Force Ratios in the Arab-Israeli Wars (1956-1973)

An Egyptian Su-100 in Suez City, 1973

We see a similar disparity in results between the Israeli Army and the various Arab armies they engaged. The Arab armies include Egyptian, Syrian, Jordanian and Iraqi. To simplify we have just lumped the engagements involving these four armies together, although we are certain that there differences between these various armies. The data includes two engagements from 1956, 16 from 1967, one from 1968 and 32 from 1973 for a total of 51 division-level engagements. None of the engagements were coded as “limited action” or “limited attack.”

This database of only 51 engagements has 33 Israeli attacks and 18 attacks by Arab armies. It produces similar lop-sided results:

Israeli Army attacking the Arab armies (33 cases)

Force Ratio………………….Percent Attacker Wins ………………..Number of Cases

0.54 to 0.97………………………81%……………………………………………..16

1.00 to 1.47………………………90………………………………………………..10

1.51 to 1.99…………………….100………………………………………………….2

2.04 to 2.17…………………….100………………………………………………….2

2.90……………………………….100………………………………………………….1

Gap in data

3.50 to 3.96………………………..0………………………………………………….1

4.11 to 5.87………………………..0………………………………………………….1

 

As can be seen, the Israeli’s are wining 81% of the time that they attack at odds of less the one-to-one. Out of the 33 engagements where they are the attackers, they lose four and draw two. They are winning 82% of the time. Most of their attacks (79% of them) are at low odds, between 0.54- to 1.47-to-one. They win these attacks 80% to 90% of the time. They have two defeats at high odds, but in both cases, they advanced during the battle. At Jebel Libni in June 1967 they attacked at 3.60-to-one odds and advanced five kilometers. The engagement is coded as a draw because the Egyptian forces were able to successfully withdraw, as they were intending, while the Israeli forces had to rest and regroup. Both sides claimed victory. At Abu Ageila in October 1956, thee Israelis attacked at 4.57 odds and advanced 15 kilometers. This three-day engagement was coded as a defeat because the Israeli mission was to advance to Port Suez to support the Anglo-French operations there, and they were effective delayed by the Egyptians. The outcome of the engagement was coded as “attack advances” even though is a defender victory based upon the mission accomplishment scoring. The data in these tables could change slightly depending on how one chooses to code or interpret the outcome of the engagements.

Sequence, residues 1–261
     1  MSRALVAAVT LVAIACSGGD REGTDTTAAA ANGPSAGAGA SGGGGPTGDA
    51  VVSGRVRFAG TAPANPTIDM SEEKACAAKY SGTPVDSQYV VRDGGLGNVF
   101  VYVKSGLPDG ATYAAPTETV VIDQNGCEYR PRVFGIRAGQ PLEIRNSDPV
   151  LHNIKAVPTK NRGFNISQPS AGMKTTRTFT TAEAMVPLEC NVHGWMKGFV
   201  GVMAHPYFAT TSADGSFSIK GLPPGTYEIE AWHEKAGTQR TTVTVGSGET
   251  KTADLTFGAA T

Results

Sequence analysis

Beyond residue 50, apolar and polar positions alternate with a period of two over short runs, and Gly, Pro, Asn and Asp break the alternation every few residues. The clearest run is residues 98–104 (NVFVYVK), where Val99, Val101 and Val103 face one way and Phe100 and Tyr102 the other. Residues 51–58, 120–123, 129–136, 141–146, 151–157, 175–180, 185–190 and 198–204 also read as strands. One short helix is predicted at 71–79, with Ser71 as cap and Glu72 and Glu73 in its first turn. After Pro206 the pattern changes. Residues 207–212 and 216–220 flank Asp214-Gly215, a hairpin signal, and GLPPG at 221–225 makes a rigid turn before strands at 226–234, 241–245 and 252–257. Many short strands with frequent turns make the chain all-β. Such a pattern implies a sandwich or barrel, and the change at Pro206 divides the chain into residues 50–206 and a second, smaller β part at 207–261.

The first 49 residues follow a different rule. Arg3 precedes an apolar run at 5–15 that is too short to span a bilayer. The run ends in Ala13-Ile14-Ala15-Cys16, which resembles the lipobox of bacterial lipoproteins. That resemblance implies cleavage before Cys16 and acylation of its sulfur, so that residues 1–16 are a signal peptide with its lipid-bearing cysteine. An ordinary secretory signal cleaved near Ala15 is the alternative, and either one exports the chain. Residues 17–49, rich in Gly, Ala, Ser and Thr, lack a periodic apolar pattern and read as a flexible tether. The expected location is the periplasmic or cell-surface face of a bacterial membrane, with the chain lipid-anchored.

When the Arab armies attacked, the results were very different.